Alex stood in the second floor apartment looking out over Provincetown Bay. By sheer luck she had stumbled across the listing in the local newspaper five years ago. It was a small rectangular lot, with the old house sitting close to the road one block up from Commercial Street. She bought it for a reasonable price and had taken her time fixing the house up to her liking. She rented out the downstairs part of the house and kept the upstairs apartment as her own.
A separate entrance ensured her privacy. The narrow staircase led up to a small landing. A ninety-degree turn to the right, and the hallway that was bracketed by two large crawlspaces that she used for storage led to the apartment door.
The apartment itself was U-shaped. The walls were paneled with knotty pine wood and the ceiling was whitewashed with heavy wooden beams running across its length. There was a small rectangular wooden table that sat next to the bay window looking out onto the gravel driveway below. To the right of the room sat a maroon leather couch that pulled out into a bed, and a color television faced it from the opposite wall. Alexís favorite spot in the apartment was the small deck with a sliding door entrance she had built onto the side of the house. Completing the U-shape was the area that was filled with the queen-sized bed with two nightstands.
She bought the house with the intention of making it an annual vacation spot. As it turned out, Lana had gotten sick again and the vacations had never become a reality. One of the last requests Lana had made before she died was for Alex to bring her ashes back to Provincetown and spread them out in the bay. Eight months had passed since her death and it had taken her all this time to return here.
Alex sighed as she turned away from the glass door. There was no sense in delaying the inevitable.
"Well, I guess its time I get this over with," she said quietly to herself. Alex opened the box that the urn was securely packed in and slipped the metal container into her backpack. Slinging the pack over her shoulder, she stepped out of the apartment, locked the door behind her, and headed down the stairs into the warm late-night summer air.
It was a clear night and the moon was out, three quartersí full. Alex walked along the still bustling main drag in Provincetown. Weaving in and out of the crowd, she kept quietly to herself, stepping up onto the steps of some of the storefronts at intervals to keep away from the jostling crowds.
She gratefully left the noisy and raucous atmosphere behind her, heading down the narrow road toward the mile long outcropping of rocks that formed the jetty. It was high tide and she could hear the gentle sound of the water lapping up in between the rocks as she headed farther out into the darkness, picking her way carefully along the rocks. The smell of salt water and fish filled the air.
Finding a flat rock to stand on, Alex stood in the moonlit darkness and removed the urn from her backpack.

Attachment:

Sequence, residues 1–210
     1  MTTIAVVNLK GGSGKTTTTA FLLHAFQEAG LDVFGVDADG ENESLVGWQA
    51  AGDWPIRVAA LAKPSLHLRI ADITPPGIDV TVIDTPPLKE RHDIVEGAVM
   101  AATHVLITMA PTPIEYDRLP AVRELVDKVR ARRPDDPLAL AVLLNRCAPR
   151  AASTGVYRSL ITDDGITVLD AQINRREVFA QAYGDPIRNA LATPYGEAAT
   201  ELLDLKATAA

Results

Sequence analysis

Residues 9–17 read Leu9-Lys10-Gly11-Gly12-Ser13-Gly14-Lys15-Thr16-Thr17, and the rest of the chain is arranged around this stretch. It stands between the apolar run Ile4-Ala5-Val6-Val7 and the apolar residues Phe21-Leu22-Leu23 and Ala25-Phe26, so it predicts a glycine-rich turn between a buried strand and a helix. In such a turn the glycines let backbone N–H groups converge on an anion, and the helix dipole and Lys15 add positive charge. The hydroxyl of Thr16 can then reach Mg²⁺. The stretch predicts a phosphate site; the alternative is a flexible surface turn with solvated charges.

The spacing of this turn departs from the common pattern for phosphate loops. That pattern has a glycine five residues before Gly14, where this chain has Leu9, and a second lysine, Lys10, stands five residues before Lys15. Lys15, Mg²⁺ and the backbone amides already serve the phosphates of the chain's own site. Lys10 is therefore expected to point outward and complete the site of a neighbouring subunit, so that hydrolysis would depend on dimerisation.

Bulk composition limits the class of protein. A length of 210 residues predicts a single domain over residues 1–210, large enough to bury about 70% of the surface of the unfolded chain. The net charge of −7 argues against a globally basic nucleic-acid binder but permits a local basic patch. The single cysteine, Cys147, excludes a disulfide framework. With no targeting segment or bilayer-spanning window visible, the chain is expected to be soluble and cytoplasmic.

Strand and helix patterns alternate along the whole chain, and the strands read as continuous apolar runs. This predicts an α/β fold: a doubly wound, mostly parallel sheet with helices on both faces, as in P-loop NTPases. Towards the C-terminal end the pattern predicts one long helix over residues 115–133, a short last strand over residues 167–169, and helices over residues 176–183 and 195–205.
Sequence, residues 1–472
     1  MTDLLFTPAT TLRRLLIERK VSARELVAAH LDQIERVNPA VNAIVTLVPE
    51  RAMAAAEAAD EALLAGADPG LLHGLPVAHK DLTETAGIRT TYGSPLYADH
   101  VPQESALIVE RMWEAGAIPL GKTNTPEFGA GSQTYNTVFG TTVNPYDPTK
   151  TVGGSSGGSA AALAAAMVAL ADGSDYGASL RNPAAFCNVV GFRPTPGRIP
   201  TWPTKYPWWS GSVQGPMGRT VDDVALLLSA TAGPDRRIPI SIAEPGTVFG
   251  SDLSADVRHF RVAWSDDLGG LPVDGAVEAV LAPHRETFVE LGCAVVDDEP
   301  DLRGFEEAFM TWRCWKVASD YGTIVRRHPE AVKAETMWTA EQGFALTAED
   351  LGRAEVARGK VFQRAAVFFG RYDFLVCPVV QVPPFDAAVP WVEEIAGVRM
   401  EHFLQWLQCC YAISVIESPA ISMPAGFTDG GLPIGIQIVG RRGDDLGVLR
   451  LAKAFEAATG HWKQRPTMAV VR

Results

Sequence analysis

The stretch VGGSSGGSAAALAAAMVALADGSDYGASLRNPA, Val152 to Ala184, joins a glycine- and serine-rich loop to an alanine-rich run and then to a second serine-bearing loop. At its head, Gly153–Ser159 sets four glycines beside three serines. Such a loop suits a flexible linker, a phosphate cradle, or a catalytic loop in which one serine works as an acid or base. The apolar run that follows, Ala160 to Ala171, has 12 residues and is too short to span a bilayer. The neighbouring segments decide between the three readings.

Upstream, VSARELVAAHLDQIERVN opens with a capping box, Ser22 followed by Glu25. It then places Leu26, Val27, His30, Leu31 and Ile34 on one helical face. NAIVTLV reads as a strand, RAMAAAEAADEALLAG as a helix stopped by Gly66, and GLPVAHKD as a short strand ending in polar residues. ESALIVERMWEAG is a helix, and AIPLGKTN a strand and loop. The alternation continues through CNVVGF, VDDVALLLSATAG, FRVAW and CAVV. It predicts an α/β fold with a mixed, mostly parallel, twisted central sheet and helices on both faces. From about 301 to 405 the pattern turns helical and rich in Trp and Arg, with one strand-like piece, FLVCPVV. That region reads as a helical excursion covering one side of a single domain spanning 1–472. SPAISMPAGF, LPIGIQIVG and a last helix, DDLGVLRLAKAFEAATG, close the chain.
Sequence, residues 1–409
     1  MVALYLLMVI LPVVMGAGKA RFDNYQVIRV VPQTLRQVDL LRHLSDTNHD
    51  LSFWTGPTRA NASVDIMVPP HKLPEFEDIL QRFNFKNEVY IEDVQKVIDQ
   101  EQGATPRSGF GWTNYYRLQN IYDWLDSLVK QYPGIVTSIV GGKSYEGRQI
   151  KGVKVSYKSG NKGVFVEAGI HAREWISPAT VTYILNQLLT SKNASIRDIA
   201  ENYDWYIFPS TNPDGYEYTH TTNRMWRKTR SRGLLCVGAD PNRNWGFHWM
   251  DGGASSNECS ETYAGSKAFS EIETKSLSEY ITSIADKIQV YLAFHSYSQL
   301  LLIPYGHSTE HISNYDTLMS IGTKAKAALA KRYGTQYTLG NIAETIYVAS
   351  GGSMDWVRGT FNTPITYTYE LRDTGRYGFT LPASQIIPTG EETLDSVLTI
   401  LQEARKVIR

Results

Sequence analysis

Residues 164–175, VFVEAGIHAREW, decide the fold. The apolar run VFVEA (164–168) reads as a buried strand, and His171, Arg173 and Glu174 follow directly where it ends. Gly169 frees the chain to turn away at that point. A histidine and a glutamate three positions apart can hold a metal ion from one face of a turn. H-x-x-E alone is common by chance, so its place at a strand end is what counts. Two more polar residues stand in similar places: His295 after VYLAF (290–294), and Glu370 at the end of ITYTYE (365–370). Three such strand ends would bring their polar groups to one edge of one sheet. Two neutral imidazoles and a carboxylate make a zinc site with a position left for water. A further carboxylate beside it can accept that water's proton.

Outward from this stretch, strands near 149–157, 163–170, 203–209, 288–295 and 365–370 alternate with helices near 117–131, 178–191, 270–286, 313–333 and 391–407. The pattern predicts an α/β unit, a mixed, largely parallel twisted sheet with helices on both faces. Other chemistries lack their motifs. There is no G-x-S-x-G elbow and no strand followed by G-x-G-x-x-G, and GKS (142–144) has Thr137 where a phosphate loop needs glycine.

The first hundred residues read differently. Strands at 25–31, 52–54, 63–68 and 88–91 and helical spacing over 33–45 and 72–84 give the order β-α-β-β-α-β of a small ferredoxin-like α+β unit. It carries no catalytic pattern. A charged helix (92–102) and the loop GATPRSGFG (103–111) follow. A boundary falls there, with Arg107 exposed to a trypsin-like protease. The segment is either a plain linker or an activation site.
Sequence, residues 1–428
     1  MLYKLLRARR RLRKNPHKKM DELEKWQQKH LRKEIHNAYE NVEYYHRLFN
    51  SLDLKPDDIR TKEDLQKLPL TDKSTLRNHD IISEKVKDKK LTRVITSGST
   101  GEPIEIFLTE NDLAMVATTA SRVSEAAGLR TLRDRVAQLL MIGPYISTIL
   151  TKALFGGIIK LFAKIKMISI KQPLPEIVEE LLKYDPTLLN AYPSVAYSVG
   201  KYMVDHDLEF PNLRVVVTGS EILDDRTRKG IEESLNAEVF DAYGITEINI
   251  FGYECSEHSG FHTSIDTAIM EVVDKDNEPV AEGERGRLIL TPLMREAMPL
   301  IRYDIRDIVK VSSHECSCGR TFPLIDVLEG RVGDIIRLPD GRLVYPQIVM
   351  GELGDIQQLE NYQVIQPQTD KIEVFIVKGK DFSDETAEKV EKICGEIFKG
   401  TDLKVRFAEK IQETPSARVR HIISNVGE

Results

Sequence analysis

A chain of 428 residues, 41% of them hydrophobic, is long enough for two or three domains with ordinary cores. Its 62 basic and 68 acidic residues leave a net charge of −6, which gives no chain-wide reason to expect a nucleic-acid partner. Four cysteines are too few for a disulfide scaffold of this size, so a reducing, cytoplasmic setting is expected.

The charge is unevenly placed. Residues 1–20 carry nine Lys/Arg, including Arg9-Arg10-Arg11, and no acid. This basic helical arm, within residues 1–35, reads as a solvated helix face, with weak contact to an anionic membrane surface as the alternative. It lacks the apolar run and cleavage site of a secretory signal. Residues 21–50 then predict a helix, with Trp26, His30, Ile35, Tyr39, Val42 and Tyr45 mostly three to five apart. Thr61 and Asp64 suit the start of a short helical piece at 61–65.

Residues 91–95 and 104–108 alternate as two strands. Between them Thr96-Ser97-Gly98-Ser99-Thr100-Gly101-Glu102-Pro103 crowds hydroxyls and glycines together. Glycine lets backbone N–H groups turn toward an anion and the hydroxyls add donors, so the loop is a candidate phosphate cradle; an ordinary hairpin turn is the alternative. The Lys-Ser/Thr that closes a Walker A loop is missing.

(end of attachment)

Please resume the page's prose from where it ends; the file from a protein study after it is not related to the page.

She stood quietly for a few odd moments watching the eerie trail of white moonlight flicker on the waves of the water and gradually disappear into the darkness as it reached the horizon. Alex raised her head and looked at the moon above. The man was still there looking down, but his face was only half-visible tonight. Alex closed her eyes as she was reminded her of another time she sat in the darkness with the moon the only source of light.
**"I canít save you."
A light chuckle rang in her ears.
"Alex, I didnít ask you to save me. Just help me get through this. Please?" Lana reached out and clasped her frail hands around Alexís.
Alex wrapped the blanket more tightly around her bare shoulders as another shudder ran through her drug-craved body. The drugs refused to let go of her, clinging seductively to her nervous system. She ran her tongue over her dry and cracked lips. "What do you think I can do that a hospital up here canít?" Her breath came in short gasps as she tried desperately to catch her breath, struggling against the base craving from the withdrawal she was only beginning to experience.
"I donít want to die alone in a hospital. I want you to be with me when the time comes."
"Iím not a doctor, Lana."
"Yes, you are."
"No. Not anymore, not after this." Alex desperately tried to focus on the vision sitting before her.
"Sometimes being a doctor isnít about saving someone. Itís about letting them go. I canít fight this anymore, Alex," Lana pleaded. "Please let this happen, let me go."
She leaned against Lanaís shoulder and nodded her head slowly. **
Opening her eyes, she let out a heavy sigh. There was a moment of uncertainty as she looked at the container that lay in her arm, holding Lanaís ashes. No, it was what she wanted, you promised. Unscrewing the lid, Alex squatted down on the rocks and stared into the dark water below. She thought that she should feel more sadness than she did and decided that maybe she was just numb from everything that had happened over the past several months.